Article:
Most personal finance gurus agree, once you meet your basic needs and any monthly payments, the first thing you should consider is starting an Emergency Fund!
What is an Emergency Fund?
This may seem like a no-brainer, but an emergency fund is easily accessible money set aside for use only in case of emergency. This means no using it for a new pair of shoes, a new car, a date, or remodeling of any kind...only an emergency!
Why do you need an Emergency Fund?
Scenario #1: It's the end of the month, you've finished paying your bills, and you have just enough money left for groceries when...BAM!...a flat tire. You pull over, get out of your car, and open the trunk and...BAM!...you don't have a spare. What now?
Scenario #2: It's 100 degrees outside in a good old, St. Louis summer. Your air-conditioner goes out in your house or apartment. What now?
Scenario #3: You lose your job.
You get the picture. If you have an emergency fund in any of these situations, you're going to come out of it much better. Studies even show that people with emergency funds are less likely to accumulate debt. Emergencies happen to everyone, not just middle-aged people with full-time jobs and families. Even college students will benefit from these types of funds!
How much should be in an Emergency Fund?
While everyone needs an emergency fund, the amount of it usually varies with the situation. If you're a 20 year old college student, chances are you can't afford to have a fund that amounts to a year's salary. You can however, start small and grow your fund as you get older.
Do what works for you. Examine your income and your expenses, then decide what you should save. While I am sure there are people who have a year's salary tucked away, most experts agree that $1000 is a good place to start...of course you need to build up to this also.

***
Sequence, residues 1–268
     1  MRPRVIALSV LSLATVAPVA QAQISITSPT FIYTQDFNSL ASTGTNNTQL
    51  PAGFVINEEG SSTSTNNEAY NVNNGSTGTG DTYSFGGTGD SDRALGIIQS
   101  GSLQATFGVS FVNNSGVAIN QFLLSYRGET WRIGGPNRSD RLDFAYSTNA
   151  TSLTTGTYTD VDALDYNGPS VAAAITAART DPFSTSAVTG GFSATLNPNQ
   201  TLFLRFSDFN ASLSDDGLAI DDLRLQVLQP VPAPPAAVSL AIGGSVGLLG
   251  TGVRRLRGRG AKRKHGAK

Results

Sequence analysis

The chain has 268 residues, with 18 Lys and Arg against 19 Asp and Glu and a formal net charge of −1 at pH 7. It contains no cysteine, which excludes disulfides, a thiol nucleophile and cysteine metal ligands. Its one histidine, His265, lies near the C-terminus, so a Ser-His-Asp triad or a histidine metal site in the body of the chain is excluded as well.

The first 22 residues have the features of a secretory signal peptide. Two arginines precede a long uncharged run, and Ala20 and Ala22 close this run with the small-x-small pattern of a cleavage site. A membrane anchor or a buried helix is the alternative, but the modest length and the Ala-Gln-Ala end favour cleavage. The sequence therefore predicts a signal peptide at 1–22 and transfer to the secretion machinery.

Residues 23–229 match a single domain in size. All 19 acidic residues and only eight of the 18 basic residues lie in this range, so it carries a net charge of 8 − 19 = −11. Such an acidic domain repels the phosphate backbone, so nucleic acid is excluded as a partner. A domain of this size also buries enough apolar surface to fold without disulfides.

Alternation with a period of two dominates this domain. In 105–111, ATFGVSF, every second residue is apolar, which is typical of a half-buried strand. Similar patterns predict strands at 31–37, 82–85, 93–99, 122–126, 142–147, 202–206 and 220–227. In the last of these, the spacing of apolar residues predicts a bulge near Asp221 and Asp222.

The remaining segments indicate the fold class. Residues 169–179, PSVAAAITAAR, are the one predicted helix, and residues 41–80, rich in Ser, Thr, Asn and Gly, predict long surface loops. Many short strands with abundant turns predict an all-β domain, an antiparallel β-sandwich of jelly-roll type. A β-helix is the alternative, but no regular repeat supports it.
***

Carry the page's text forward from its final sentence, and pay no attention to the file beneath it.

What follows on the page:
How do you get started?
First, examine your expenses. Make sure you are paying your bills on time and meeting any other goals before you start your account...an emergency fund shouldn't cause debt, it should help prevent it. Also, if you're in the habit of depositing a certain amount of money monthly into your savings account, don't stop! Use your own judgement to decide if this money should be used to help you start an emergency fund, or if it should be completely separate.
If you're worried about using your savings account to store the emergency fund, I recommend opening a new account. Start by depositing $100. If that worked out, try a larger amount, and so on. Once you find a good monthly amount to deposit, stick with it until you think you have a sufficient total amount. It may also be wise for you to keep these funds in an account that is less accessible than others; like one that does not have a card tied to it. This may help you consider all your options before dipping into the fund.
What the experts say.
Though experts agree emergency funds are a must, there are many different views on them. David Bach, author of The Automatic Millionaire, recommends following these three steps:
- Decide how big a cushion you need. Three months worth of living expenses or more.
- Don't touch it. "The reason most people don’t have any emergency money in the bank is that they have what they think is an emergency every month…A real emergency is something that threatens your survival, not just your desire to be comfortable.”
- Put it in the right place. “Not earning interest on your emergency money is almost as bad as burying it in your backyard.”
On the other hand, David Ramsey, author of The Total Money Makeover, recommends starting by saving $1000. Once debt is eliminated, Ramsey suggests building a three- to six-month cushion.
You may feel like you can't afford an emergency fund, but the truth is you can't afford not to have one!